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VSA (VMware vSphere/Virtual Storage Appliance) is a solution, introduced in version 1.0 with vSphere 5.0, to transform local storage in shared storage. Basically a VA on each node use a local datastore to export it via NFS. But most important is also make a replication to another node.

I’ve already talk about it in a VCP exam objective (VSA 1.0 questions are part of VCP5 exam), but honestly the VSA 1.0 had several disadvantages:

  • Cost: from my point of was too high (expecially for the position of this kind of solution).
  • Disks usage: is first release was necessary a local RAID1+0, so your storage space was reduced to 25% (considering also the replication). To be honest on January 23rd, 2012, VMware lifted this restriction and allow now support both RAID 5 (single parity disk) and RAID 6 (dual parity disks) configurations. Also the cluster storage capacity cannot be resized after deployment.
  • vCenter Server dependency: that made difficult to have a virtual vCenter on the VSA.
  • Storage limits per host: max 6 TB with 3 TB disks or max 9TB with with 2 TB disks.
  • Scalability: is limited to a maximum of 3 nodes (and of course a minimum of 2).

With the new version, that has been renamed in VSA 5.1, most of those limits has been removed or changed. But scalability still remain the same!

Note that VSA 5.1 can run both on vSphere 5.0 and 5.1 and also supports the single sign-on (SSO) functionality found in vSphere 5.1.

Cost

Finally VSA has been included in each vSphere 5.1 bundle (but only one instance), except the Essential one. So you can have it at no extra cost!

Disks usage

VSA 5.1 now supports the online increasing of storage capacity of a VSA cluster. For existing customers (VSA 1.0) there are 3 possibilities:
  • Convert RAID 10 to RAID 5/6.
  • Add more disks, destroy the current RAID and recreate new RAID.
  • Add more disks and create new RAID, keeping the data

Any unused storage on the local VMFS datastores can now be reclaimed via a new ‘Increase Storage’ option in the UI.

Storage limits

VSA 5.1 maximum with 3 TB drives:

  • 8 disks of up to 3TB capacity in a RAID 6 configuration (no hot spare)
  • 18TB usable by the VMFS-5 file system per host
  • Across three hosts, a total business usable storage of 27TB

VSA 5.1 maximum with 2 TB drives:

  • 12 local disks of up to 2TB in a RAID 6 configuration (no hot spare)
  • 16 external disks of up to 2TB in a RAID 6 configuration (with hot spare)
  • VMware supports maximum VMFS-5 size of 24TB per host in VSA 5.1
  • Across three hosts, total business-usable storage of 36TB

vCenter Server dependency

Now vCenter Server can run directly on the VSA 5.1 cluster, where it can be installed on local storage (one part), then the VSA needs to be configured (on remaining local storage), then SvMotion can be used (if licensed) to move the vCenter VM to the VSA cluster. Additionally, the local storage (where vCenter lived before the move) can be used by leveraging the new Resize function, which is available through UI.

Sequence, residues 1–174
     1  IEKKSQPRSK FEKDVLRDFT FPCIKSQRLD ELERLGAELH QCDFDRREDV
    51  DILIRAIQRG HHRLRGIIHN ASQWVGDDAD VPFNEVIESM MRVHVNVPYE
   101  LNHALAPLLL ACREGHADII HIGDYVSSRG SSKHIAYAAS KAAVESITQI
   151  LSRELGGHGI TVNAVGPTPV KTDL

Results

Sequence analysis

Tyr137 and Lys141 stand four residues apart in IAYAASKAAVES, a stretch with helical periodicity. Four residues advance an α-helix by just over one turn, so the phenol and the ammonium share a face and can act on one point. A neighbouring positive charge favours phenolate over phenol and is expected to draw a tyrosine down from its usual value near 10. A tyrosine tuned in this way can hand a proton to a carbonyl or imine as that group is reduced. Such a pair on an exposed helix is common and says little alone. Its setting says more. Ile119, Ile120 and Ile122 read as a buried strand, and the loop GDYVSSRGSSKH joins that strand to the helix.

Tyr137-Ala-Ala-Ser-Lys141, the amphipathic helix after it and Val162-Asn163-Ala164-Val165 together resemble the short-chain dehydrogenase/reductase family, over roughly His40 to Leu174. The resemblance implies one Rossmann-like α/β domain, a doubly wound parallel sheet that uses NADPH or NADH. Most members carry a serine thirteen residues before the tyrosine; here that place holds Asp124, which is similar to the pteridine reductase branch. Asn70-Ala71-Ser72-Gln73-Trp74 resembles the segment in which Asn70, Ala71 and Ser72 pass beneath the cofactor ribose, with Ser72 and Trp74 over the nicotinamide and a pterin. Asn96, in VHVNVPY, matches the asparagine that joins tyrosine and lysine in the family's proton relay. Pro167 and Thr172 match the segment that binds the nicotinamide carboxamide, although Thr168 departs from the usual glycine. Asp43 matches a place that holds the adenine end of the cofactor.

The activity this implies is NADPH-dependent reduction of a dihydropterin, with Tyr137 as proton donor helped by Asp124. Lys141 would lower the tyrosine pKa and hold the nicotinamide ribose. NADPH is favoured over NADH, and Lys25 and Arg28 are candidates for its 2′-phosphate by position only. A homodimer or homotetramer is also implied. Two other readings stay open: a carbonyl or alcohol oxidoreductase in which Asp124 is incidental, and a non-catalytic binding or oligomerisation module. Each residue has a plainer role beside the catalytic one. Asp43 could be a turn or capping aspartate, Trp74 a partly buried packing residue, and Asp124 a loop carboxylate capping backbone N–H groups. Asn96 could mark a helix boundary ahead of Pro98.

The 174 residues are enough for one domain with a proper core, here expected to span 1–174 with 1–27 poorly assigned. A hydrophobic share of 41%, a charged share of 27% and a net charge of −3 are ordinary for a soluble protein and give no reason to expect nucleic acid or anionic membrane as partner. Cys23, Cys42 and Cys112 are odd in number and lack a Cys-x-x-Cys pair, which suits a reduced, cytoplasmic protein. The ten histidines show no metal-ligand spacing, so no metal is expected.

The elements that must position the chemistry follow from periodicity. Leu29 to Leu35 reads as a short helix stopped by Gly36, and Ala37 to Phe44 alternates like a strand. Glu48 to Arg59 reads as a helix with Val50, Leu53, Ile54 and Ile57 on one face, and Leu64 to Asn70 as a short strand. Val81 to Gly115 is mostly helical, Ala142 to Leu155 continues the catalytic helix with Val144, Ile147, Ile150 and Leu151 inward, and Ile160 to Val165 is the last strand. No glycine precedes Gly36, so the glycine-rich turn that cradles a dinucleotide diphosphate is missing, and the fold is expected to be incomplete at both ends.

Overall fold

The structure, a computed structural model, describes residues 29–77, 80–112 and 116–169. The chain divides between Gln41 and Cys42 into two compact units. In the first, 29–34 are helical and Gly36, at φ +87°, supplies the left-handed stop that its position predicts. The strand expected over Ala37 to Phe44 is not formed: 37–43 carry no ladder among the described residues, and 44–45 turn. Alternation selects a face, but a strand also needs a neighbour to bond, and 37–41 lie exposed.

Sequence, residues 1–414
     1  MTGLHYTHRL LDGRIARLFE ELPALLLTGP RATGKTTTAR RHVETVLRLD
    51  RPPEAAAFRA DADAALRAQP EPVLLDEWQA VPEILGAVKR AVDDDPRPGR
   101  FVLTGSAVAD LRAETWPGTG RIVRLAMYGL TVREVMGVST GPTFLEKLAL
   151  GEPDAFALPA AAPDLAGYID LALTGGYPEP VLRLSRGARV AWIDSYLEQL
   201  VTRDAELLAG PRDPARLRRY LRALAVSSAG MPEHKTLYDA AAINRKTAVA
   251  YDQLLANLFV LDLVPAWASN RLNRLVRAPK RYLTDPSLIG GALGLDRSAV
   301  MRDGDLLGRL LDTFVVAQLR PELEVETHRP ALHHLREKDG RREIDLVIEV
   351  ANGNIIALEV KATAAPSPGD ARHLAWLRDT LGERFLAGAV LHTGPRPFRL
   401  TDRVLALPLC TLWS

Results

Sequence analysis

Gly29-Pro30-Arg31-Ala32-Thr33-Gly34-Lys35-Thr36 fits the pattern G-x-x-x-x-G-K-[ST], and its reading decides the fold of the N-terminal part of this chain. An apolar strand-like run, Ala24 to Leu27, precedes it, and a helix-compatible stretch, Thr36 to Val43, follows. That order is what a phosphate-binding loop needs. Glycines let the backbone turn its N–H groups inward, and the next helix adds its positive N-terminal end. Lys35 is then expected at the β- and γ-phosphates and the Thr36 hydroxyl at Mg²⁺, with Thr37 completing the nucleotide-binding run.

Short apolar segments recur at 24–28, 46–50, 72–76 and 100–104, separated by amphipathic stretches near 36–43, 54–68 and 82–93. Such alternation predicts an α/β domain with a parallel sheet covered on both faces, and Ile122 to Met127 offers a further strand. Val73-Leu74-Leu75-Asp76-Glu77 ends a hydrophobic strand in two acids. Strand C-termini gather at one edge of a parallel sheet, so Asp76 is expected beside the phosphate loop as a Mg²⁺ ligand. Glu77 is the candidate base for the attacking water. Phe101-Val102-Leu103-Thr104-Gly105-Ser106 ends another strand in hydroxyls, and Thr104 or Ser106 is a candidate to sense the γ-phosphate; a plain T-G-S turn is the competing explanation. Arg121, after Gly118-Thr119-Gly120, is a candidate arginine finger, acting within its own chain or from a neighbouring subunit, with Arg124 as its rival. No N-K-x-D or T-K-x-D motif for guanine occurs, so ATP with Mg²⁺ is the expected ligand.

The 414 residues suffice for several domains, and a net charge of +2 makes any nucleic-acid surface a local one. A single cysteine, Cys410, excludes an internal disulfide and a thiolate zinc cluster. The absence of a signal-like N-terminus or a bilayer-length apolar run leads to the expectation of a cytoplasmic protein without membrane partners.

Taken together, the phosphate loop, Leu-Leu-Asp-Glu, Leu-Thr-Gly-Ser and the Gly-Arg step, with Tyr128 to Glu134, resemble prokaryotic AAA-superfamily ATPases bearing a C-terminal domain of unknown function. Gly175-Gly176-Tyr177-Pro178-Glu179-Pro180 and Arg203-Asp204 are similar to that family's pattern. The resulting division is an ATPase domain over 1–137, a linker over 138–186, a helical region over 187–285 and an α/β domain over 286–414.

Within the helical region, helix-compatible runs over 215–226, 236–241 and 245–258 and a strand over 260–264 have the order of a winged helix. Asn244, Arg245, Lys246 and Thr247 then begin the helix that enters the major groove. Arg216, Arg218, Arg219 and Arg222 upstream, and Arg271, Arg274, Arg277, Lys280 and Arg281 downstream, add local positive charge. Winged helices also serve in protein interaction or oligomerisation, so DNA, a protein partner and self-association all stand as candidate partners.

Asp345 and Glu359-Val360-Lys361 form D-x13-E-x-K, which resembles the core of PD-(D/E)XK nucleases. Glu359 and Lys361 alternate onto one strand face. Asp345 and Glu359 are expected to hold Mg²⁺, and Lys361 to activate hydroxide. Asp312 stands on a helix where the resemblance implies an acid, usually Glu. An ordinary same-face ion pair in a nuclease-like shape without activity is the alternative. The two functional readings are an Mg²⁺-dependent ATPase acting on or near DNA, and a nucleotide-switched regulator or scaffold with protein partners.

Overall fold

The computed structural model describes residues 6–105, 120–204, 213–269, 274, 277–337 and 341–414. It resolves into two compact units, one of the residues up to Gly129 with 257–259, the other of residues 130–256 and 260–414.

Remote Office/Branch Office (ROBO) Support

VSA 5.1 now enables multiple VSA clusters to be managed by a single remote vCenter Server instance. The vCenter Server instance can also reside on a different subnet from the VSA cluster (limit in VSA 1.0). Each VSA storage cluster is located in its own unique datacenter object in the vCenter Server inventory.

The two-node VSA storage configuration uses a special “VSA Cluster Service,” which typically runs on the vCenter Server instance. It performs like a cluster member and is used as a tiebreaker to ensure that there still would be a majority of members in the cluster if one ESXi host/VSA member were to fail. The new designed tiebreaker for two-node configurations still can run as a vCenter Service in VSA 5.1. However, in a two-node ROBO deployment, the vCenter Server instance managing VSA is now remote. This means that the VSA tiebreaker code must be locally located at the branch office and not on the central vCenter Server instance.

In VSA 5.1, the tiebreaker code can be installed at the branch office. The administrator provides details on the location of tiebreaker code during VSA deployment, and the VSA installer validates these settings. The tiebreaker is simply a set of Java Archive (JAR) files. The JAR is a way of distributing a Java program, along with all its libraries. VMware provides installers to run the JAR file on a user-supplied platform, either Windows or Linux. The administrator is responsible for configuring the platform, including installing the base operating system (OS). The installer then introduces and sets up the tiebreaker code. VMware provides installation documentation for all the platforms that support running the tiebreaker code.

Finally there are also specific functions to remote install and upgrade VSA.

More information

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Andrea MauroAbout Andrea Mauro (1556 Posts)

Virtualization & Cloud Architect. VMUG IT Co-Founder and board member. VMNT Moderator and VMware vExpert (2010, 2011, 2012, 2013). Several certifications including: VCDX-DCV, VCP-DCV/DT/Cloud, VCAP-DCA/DCD/CIA/CID/DTA/DTD, MCSA, MCSE, MCITP, CCA.


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